Architect: Jim Lorimer, The Man Who Helped Arnold Build His Classic

Bodybuilding fan? You need to know Jim Lorimer. This former tackle, FBI agent, mayor and current bodybuilding impresario has meant nearly as much to the sport as Arnold himself.

Boys and girls dream. They are soldiers, policemen, football players or politicians. Jim Lorimer spent the last 80 years making his dreams, and those of thousands of aspiring boys and girls, come true.

Lorimer was a football star in high school. He served in the Navy in World War II. He joined the FBI out of college. He worked for decades for Nationwide Insurance. He was/is still the mayor of his hometown, but his great talent is as a promoter.

He watched the USSR beat the USA in an Olympic-style dual meet in 1959. The defeat spurred him to organize an Olympic prep course for teen girls that changed the way the U.S. prepares for Olympiads. In 1970, after revolutionizing women's sports in America, Jim made a call that would change his life, and bodybuilding, forever.

The recipient: a young man with dreams of his own. A young man named Arnold.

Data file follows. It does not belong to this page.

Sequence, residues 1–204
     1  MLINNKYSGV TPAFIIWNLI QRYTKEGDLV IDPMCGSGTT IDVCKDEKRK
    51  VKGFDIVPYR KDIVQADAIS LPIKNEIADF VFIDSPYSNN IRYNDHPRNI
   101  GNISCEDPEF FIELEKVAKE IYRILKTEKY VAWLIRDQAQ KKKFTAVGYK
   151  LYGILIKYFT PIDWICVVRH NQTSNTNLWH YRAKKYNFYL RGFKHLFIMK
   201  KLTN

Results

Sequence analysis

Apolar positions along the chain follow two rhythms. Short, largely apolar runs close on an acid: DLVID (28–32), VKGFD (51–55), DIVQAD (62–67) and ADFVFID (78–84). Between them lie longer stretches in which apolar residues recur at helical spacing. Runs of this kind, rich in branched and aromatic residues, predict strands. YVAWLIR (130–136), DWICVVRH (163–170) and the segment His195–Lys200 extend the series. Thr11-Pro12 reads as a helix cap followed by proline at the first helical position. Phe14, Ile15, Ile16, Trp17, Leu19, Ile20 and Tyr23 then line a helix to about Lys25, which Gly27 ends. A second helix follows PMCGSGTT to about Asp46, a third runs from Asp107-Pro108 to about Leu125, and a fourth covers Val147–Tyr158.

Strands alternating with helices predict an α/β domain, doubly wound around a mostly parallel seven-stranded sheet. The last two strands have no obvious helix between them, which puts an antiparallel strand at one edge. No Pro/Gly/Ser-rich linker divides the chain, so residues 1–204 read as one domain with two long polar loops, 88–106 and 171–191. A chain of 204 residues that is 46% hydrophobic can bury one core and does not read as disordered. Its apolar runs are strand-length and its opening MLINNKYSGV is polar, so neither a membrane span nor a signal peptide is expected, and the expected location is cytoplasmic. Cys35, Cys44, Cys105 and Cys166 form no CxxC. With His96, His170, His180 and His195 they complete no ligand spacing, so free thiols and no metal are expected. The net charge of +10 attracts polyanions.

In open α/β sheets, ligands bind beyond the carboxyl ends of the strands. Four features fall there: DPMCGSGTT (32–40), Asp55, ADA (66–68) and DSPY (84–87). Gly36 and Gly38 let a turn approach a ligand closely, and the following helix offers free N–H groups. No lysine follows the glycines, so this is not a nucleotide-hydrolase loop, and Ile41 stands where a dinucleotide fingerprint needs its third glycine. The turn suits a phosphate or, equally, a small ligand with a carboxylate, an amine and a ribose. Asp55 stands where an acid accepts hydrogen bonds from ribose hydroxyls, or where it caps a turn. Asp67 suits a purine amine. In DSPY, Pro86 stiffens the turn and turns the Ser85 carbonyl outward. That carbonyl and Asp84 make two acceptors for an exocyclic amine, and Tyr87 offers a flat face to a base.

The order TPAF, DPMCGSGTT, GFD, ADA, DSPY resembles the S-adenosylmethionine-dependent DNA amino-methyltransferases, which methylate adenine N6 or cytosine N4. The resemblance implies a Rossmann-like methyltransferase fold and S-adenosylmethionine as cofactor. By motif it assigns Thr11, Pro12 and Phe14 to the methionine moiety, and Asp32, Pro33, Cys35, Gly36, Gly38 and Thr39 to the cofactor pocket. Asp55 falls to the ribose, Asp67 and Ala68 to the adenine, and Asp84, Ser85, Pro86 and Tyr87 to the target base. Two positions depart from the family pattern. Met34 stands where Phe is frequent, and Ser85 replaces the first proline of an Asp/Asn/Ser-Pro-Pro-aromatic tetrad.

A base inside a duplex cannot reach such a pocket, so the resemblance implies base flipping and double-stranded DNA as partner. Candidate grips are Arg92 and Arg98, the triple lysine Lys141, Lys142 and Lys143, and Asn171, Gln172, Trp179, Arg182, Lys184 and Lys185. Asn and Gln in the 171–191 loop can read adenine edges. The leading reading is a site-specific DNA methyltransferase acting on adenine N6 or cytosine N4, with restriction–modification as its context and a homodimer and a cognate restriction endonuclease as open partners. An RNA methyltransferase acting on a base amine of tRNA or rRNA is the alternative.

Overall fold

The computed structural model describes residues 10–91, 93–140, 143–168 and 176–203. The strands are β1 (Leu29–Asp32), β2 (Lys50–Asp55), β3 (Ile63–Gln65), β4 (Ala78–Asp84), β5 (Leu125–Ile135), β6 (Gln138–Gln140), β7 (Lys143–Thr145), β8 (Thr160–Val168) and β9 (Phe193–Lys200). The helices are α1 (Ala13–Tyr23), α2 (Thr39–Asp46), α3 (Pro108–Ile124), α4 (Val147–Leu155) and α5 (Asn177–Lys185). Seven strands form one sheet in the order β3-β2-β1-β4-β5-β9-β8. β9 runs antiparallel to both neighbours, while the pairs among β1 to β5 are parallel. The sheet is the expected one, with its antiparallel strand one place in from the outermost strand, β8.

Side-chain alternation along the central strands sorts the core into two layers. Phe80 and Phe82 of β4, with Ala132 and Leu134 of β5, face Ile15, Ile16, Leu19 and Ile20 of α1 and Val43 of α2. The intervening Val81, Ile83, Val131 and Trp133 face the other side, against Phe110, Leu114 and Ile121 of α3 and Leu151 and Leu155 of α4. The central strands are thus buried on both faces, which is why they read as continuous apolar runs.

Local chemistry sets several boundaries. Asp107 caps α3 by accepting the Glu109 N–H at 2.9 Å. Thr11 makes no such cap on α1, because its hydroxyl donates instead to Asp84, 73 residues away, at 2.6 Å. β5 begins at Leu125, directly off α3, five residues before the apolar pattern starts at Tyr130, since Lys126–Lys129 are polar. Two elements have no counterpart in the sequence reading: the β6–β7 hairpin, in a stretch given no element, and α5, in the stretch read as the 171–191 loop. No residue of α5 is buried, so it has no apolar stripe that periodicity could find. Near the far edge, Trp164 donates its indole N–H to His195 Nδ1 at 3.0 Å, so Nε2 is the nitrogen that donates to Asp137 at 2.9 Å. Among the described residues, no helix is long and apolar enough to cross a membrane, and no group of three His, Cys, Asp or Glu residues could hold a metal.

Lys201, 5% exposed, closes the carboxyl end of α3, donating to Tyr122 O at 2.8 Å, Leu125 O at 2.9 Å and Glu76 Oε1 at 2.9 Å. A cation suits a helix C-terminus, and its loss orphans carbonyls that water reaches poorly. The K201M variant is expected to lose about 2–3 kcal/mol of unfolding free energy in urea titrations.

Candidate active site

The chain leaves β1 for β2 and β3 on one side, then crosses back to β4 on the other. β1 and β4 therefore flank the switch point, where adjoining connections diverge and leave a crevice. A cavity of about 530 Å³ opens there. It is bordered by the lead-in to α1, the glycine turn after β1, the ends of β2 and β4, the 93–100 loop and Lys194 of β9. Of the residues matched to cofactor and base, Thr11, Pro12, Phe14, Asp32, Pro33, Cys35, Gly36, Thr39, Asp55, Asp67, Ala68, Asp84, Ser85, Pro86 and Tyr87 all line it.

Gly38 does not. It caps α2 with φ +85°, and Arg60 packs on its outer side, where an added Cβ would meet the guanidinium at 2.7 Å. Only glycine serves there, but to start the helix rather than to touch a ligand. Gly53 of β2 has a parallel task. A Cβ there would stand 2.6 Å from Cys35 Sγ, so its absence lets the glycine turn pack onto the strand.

He called Arnold Schwarzenegger at Gold's Gym in Venice Beach, Calif., asked the Austrian import to compete in the Mr. World in Columbus, Ohio, which took place the day after Mr. Universe in London. Lorimer arranged red-eye flights and connections to bring The Oak to Ohio to face 3-time Mr. Olympia Sergio Oliva.

"Everyone was watching Sergio and Arnold," Lorimer said. "They started to match shots. That's the first time there was a pose-down."

Arnold won $500 in front of an audience of 4,000 people. After the competition was over, Arnold told Lorimer: "This is the best competition I've ever been in. When I'm done competing in the sport of bodybuilding, I want to go into the promotion of the sport and do everything I can to legitimize and raise the image of the sport and I'm going to come back to Columbus, Ohio and ask you to be my partner."

Schwarzenegger kept his vow. He returned six years later, met with Lorimer and the two partnered to promote bodybuilding events. The Arnold Classic was born.

The rest, as they say--35 years' worth--is history.

Some information in this report came from the article: "Jim Lorimer: The Iron Game's Greatest Promoter," in Iron Game History, Volume 5, Number 3. The author, Jim Murray, is a journalist and childhood friend of Lorimer.